Faith Perceptions analyzes the church experience

Sunday, July 29, 2012

Faith Perceptions partners with church leaders of all denominations across the country to determine their first-time guest experience. It is the brainchild of Melanie Smollen, project specialist for Hendrickson Business Advisors in Cape Girardeau.

"I met with some church leaders and they said there was absolutely a need for it," Smollen said.

Melanie Smollen of Faith Perceptions sits inside Centenary United Methodist Church in Cape Girardeau.
Laura Simon

Smollen drew inspirations from mystery shop programs used by businesses to create the Mystery Guest Program. It is geared toward church leaders who want to know the impression their church makes on first-time visitors. These studies are conducted without the knowledge of the congregation.

"We want to capture church as usual," Smollen said. "Part of the reason is to give a true first-time impression."

This program sends 12, primarily "unchurched," people to 12 services at the church being studied. Unchurched people are defined as those who do not have a home church they attend on a regular basis. Faith Perception has a team of 4,000 mystery guests in 43 states.

"I wanted people bringing in that seeker attitude," Smollen said.

After attending a service, guests use a 10-point scale and written responses to describe their experiences through on online survey. Each church is rated in 15 areas: directions, signage, preservice greeting, preservice atmosphere, seating, music, in-service greeting, sermon, speaker, after-service atmosphere, connect-resources, friendliness, children's ministries, return and overall experience.

Faith Perceptions takes the responses from these surveys and compiles them into a report for the church leader.

The program began in 2008 in Missouri. Since then they have surveyed 1,152 different church services and 108 churches. From these services, they compile an index of cumulative data from the entire year to be distributed every June.

"It gives them a snapshot of what to look for and where churches of like size might struggle," Smollen said.

According to this index, the average weekly attendance of these churches was 407 with 55 percent of guests being female and 45 percent male. Of the services attended, 59 percent were traditional, 32 percent were contemporary and 9 percent were blended. Of the mystery guests who participated, 91 percent believed in God or some higher power; 26 percent do not identify with a formal denomination; 23 percent were not raised with a formal denomination. The average age of mystery guests was 41.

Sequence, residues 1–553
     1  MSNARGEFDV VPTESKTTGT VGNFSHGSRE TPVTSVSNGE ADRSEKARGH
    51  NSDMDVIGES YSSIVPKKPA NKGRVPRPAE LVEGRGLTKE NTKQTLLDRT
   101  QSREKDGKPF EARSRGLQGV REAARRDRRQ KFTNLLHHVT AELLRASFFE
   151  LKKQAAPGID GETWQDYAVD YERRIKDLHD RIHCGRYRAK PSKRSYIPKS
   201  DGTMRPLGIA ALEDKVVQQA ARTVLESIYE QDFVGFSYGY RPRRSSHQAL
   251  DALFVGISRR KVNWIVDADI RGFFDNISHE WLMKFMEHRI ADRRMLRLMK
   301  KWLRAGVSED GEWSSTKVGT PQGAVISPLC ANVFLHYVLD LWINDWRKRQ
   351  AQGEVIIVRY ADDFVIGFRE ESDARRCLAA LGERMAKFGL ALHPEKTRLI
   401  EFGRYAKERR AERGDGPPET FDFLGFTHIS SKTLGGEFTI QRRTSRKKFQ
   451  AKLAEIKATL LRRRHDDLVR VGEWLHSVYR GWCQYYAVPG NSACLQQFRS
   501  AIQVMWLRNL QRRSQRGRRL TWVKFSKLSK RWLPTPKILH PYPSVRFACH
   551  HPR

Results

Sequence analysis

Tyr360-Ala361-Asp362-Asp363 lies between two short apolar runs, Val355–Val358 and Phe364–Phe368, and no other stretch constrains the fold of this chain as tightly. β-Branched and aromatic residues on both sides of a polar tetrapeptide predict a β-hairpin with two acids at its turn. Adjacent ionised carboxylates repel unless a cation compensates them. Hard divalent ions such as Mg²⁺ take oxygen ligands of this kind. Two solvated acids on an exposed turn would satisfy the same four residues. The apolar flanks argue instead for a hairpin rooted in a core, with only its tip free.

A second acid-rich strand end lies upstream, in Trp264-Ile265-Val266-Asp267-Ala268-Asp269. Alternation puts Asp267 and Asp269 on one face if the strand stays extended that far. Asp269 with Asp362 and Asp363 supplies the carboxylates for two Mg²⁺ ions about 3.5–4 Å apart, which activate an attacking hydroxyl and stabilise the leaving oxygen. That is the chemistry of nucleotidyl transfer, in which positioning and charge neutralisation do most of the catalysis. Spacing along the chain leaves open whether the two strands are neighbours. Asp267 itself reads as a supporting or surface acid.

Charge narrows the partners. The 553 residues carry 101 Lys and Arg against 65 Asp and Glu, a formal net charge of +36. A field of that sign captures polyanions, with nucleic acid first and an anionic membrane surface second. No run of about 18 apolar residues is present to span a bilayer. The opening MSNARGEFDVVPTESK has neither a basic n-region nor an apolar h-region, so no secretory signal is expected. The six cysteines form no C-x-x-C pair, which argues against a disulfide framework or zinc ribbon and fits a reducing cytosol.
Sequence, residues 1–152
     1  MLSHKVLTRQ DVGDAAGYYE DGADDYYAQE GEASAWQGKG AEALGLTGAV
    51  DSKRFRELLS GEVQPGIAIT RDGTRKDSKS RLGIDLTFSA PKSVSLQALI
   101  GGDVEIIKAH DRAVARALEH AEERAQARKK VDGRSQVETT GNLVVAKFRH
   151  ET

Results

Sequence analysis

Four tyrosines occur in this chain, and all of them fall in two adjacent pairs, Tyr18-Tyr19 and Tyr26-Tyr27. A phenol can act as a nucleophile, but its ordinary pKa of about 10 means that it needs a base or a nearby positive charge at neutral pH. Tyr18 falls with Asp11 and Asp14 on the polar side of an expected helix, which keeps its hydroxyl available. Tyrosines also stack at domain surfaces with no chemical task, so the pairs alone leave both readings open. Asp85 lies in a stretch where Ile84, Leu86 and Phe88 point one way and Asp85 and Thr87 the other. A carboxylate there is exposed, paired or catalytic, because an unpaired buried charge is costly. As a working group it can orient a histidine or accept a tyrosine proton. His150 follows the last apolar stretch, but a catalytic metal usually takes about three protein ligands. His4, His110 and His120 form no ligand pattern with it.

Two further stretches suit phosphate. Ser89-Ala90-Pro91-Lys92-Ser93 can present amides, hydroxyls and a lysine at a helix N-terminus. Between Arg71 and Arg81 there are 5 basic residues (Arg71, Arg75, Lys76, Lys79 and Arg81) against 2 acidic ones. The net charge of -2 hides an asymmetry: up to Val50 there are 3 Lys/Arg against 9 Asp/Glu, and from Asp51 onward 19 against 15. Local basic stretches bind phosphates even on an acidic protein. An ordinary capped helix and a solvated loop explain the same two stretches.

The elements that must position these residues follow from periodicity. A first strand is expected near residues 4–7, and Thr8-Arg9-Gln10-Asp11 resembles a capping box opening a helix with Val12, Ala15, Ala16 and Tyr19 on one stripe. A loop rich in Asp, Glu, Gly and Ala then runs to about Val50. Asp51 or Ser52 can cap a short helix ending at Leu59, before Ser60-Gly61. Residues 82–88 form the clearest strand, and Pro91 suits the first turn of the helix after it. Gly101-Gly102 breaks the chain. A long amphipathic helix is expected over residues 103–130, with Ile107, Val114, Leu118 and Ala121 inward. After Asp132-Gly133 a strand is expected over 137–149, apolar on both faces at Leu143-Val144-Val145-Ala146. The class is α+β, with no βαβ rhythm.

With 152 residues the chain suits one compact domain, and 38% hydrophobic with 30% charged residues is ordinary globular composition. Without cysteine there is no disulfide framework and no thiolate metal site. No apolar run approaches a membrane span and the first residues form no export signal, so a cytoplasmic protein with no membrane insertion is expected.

Churches were categorized by size, which was determined by their average weekly attendance. Microchurches had an average weekly attendance of 0 to 80; small had 81 to 150; medium had 151 to 300; large had 301 to 500; extra large had 501 to 1,000; and megachurches had more than 1,000.

The index shows that large churches were ranked higher than smaller or larger churches in nine of 15 categories, including preservice greeting and in-service greeting and friendliness, among other categories. Smollen said this is because first-time guests are more likely to be noticed in a church this size than in a larger church.

"A person could walk into a megachurch and not be recognized if they didn't want to be," Smollen said.

Paul Short

St. Andrew Lutheran Church in Cape Girardeau took part in Faith Perceptions from November 2011 until April 2012. Pastor Paul Short said while their results were fairly good, the program also gave them some areas for improvement.

"How can we improve basically what can be referred to as customer service?" Short said. "I felt like this was a really great way for us to discover that."

Short described his church as extremely friendly and said this is the reason many of their members joined the congregation. However, he said it is still possible for new people to go unnoticed.

"Jesus went to the unnoticed," Short said. "I think that is what we ought to be doing."

Having received their survey results, Short said the church's board of assimilation is looking for ways to improve their welcoming and information processes. While he believes the church already possesses an atmosphere of warmth and welcome, he said there is still room for improvement.

Faith Perceptions recommends a follow-up study to determine if a church has implemented strategies to make the recommended improvements.

"I think that would be invaluable," Short said.


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